"The base offense for us right now is if you close your eyes and think of the base offense when we were growing up — two backs in the backfield, tight end, two receivers — that’s the origin of the offense," Marrone said following the spring game back in April. "It starts with that personnel group and then goes to others. And you saw multiple formations and shifts and motions. And we tried to keep it simple. You probably saw a lot out there, but we have a whole bunch more than that."
Marrone spent preseason camp installing that "whole bunch more," and the result is a diverse offense aimed at confusing and exploiting a defense just about every way imaginable on the ground and then trying to pass over it when it crowds the line of scrimmage to stop the onslaught.
So the Syracuse game plan is to pound the ball at Washington in confusing ways until the Huskies stack the line of scrimmage. At that precise moment sophomore QB Ryan Nassib will exploit the Husky defense deep to break open the ballgame and lead Syracuse to victory.
Before you finish laughing, consider that Syracuse does have a very talented backfield. Nassib is a good-looking quarterback and Carter will be playing on Sundays somewhere in the future. Getting deep, however, will be a problem, the Orange doesn't have game-breaking speed at WR. That being said, it is a good-looking group of possession receivers and collection of tight ends who play well together.
The offensive line will be smaller, less talented, and less experienced that what we faced last week against BYU. However, expect a scrappy, physical group that is definitely on the upswing but without much depth behind the starters.
SU jumped to 37th nationally in total defense, up from 101st (of 120 teams) in 2008. The Orange led the Big East in run defense and was 13th nationally, allowing just 101.8 yards per game. Its 35 sacks ranked eighth in the country in 2009.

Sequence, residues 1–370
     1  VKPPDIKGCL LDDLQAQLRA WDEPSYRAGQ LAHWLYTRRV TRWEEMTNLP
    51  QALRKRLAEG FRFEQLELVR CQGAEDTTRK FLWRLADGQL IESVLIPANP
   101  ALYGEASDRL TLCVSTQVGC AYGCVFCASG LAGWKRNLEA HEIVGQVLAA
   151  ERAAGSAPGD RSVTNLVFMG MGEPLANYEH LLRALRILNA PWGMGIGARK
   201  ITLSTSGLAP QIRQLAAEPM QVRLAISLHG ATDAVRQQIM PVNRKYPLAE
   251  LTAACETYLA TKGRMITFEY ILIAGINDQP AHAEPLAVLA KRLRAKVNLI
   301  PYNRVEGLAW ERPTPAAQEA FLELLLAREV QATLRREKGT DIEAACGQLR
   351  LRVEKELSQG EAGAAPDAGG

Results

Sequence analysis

Despite the good running numbers, Syracuse was seventh of eight Big East teams in passing defense (and 85th nationally), giving up more than 235 yards through the air each week in 2009.
Syracuse runs a 4-3 defense, surely concentrating on keeping Jake Locker bottled up in the pocket. Such philosophy worked well for BYU last week, and expect the Orange to run similar schemes until Locker exploits them through the air. Even though NT Arthur Jones has departed for the NFL, Syracuse has a good looking front seven, highlighted by a couple of Butkus candidates at linebacker.
The Syracuse secondary was their weak link last season and will continue to be exploited in 2010. They simply don't match up well with the Washington WR corps, which should receive a boost this week with the return of James Johnson. The Huskies need to exploit that advantage early and often. Expect Locker to pass for around 300 yards this weekend.
The experts are predicting Washington will win the game by two touchdowns, which I believe seems pretty conservative. Should Washington play error-free football, this game has the potential to be a rout. That being said, if the Huskies get trounced again on special teams and start turning the ball over, this is definitely a game they could lose.
Syracuse isn't a patsy anymore. Doug Marrone has this program running in the right direction and he isn't taking a lot of time to get there. Give him 2-3 more strong recruiting classes and this program will be competing once again for a Big East championship, and while many Washington fans look upon this game as an automatic win, this is a different Syracuse team than we played three seasons ago. The Orange aren't going to fold when the going gets tough, Washington is going to win this game, but it won't be a cakewalk.